Why Blog Post Titles Are All About You

What is your blogging process? For most people, it starts with coming up with an idea for a blog post, refining the idea until they feel it’s a good one, coming up with a post title (at least a tentative one), and then writing the blog post itself. Some people decide on the title for their blog posts after they’ve completed writing the post itself.

And while it certainly remains true that great content is still king and that your blog posts still need to be great, having an excellent title for your blog posts can help stack the odds in your favor. For better or for worse, Internet users will judge your book by its cover. A blog post title needs to be enticing. It needs to be attractive. It needs to convince people to click on it right now, because they might not come back to read it later.

It would be impossible for me to write about every last tactic and strategy involved in concocting the perfect blog post title. There are too many variables involved and it depends on the exact content you are writing, as well as the audience you are addressing. Instead, we’re focusing on just one major influencing factor in getting readers to click: you.


No, I’m not talking about you, per se. I’m talking about the word “you.” You’d really be amazed how powerful those three little letters can be in encouraging someone to read your blog post. Maybe they come across it in their RSS reader. (Congratulations! You have a subscriber!). Maybe they see your post shared on social media or you’ve paid to have it promoted somewhere. Whatever the case may be, this potential reader might see nothing more than just the title to your blog post, so you’ve got to make it count.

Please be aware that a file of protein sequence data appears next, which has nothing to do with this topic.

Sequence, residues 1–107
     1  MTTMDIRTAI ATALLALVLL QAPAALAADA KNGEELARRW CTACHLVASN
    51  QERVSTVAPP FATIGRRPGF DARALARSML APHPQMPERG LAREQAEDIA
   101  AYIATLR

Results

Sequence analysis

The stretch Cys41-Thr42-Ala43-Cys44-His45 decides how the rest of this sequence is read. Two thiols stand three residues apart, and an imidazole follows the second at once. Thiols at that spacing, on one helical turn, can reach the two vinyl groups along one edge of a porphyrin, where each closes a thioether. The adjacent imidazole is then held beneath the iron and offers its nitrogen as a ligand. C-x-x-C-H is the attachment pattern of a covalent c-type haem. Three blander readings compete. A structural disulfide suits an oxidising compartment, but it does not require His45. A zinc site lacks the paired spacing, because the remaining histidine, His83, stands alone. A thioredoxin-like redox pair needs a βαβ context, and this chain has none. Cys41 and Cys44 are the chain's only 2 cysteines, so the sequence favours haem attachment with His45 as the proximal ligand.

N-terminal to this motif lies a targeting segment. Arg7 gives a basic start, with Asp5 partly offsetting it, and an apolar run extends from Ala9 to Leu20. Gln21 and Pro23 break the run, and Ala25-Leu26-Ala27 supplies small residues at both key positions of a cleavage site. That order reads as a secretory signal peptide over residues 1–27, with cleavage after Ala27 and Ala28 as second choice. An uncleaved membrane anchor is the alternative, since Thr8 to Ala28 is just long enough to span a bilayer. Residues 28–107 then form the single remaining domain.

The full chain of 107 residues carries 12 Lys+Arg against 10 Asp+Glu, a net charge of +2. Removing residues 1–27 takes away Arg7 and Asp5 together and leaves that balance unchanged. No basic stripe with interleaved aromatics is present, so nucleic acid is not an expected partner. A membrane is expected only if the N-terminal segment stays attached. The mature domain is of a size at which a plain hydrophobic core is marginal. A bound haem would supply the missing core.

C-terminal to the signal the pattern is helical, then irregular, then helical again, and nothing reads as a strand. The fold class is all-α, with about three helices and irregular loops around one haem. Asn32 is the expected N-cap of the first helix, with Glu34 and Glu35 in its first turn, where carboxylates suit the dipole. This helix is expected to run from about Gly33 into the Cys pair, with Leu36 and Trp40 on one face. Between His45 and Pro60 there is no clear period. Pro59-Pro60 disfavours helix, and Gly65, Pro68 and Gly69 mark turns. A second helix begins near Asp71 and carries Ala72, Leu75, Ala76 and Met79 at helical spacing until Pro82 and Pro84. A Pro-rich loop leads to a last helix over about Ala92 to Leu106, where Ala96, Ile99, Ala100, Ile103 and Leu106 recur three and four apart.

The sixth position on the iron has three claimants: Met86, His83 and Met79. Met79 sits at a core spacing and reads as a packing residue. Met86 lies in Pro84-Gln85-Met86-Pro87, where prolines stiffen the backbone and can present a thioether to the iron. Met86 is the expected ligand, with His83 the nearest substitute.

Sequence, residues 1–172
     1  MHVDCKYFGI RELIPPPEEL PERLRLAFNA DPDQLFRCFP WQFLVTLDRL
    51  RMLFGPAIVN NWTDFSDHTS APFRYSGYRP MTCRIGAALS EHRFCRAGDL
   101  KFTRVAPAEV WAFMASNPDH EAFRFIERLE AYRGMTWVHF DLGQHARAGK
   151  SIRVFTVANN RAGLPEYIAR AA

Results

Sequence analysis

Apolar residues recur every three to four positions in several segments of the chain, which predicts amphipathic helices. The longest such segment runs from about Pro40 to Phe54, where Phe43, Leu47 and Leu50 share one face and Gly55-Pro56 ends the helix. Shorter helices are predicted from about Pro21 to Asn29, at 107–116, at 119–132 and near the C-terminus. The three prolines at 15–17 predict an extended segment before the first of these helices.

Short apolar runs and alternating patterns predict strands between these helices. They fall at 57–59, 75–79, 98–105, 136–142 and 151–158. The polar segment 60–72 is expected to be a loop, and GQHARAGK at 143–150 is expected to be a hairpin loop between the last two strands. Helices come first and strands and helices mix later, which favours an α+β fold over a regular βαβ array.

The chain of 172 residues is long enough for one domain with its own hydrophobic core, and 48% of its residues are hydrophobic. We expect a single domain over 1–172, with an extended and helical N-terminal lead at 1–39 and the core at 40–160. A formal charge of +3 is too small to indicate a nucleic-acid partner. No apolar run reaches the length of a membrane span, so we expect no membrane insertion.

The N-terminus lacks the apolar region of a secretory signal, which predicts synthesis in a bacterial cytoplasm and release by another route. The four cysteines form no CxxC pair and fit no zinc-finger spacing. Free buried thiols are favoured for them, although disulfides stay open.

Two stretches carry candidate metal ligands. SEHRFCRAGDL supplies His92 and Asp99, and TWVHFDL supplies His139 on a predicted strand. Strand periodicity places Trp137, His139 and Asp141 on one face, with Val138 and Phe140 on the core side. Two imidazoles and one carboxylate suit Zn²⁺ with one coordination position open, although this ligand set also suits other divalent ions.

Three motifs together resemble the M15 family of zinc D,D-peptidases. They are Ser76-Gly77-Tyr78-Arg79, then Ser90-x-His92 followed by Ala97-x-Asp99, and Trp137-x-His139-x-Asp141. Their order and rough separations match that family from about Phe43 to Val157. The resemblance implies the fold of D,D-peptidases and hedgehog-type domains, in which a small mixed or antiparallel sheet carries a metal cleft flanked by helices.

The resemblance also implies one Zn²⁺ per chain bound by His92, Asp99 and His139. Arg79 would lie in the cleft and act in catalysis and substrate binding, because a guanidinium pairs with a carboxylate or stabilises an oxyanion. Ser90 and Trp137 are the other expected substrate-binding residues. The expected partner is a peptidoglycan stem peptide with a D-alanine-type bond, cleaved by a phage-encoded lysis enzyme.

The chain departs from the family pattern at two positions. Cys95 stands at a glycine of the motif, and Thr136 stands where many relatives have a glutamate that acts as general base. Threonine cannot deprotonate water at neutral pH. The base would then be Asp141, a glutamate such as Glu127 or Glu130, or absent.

Consider this title:
How to Lose 10 Pounds in Just 10 Days

There are some good things in there. The title is specific and descriptive, which is far better than if the title was just “How to Lose Weight.” It has numbers (people like numbers, even if they don’t admit it). And it’s clearly being instructional in nature. The reader has something to gain (or lose, as the case may be) by reading your post. But that’s not good enough.

How about this?
How I Lost 10 Pounds in Just 10 Days

The biggest problem with this title is that the potential reader has no obvious connection to it. Sorry, but no one cares how *I* lost 10 pounds. They want to know how *they* can lose 10 pounds. Internet users are very egocentric, even if they’re not willing to admit it.

Now, consider this:
How You Can Lose 10 Pounds in Just 10 Days

That’s much better and all it took was switching out the subject (“I”) for one that puts the reader (“You”) in the spotlight. This is relatable, specific and much more click-worthy. You implant a simple but powerful thought in the reader’s head. They start to think, “Wow. I can do this. Here are specific instructions that will apply directly to me.”

Depending on the content and the context, you may find the use of “you” to be even more powerful and profound when you use it in the form of a question:

Do You Want to Lose 10 Pounds in the Next 10 Days?

By wording your blog post title in this way, you are forcing the potential reader to answer the question. It puts them on the spot. Should they answer “no” in their heads (and they are actually interested in losing weight, in this example), then they have to live with that decision. Answering “no” and thus not reading your post makes them uncomfortable. Answering “yes” would result in a click. And that’s what you want.

Is including the word “you” in your blog post title going to guarantee a click? No. Is framing your title in the form of a question going to work all the time? No. And you shouldn’t be turning to this tactic for every blog post that you write either, but these two little tweaks should help to boost your click-thru rates on the right content promoted in the right way.

Are you going to make the change?

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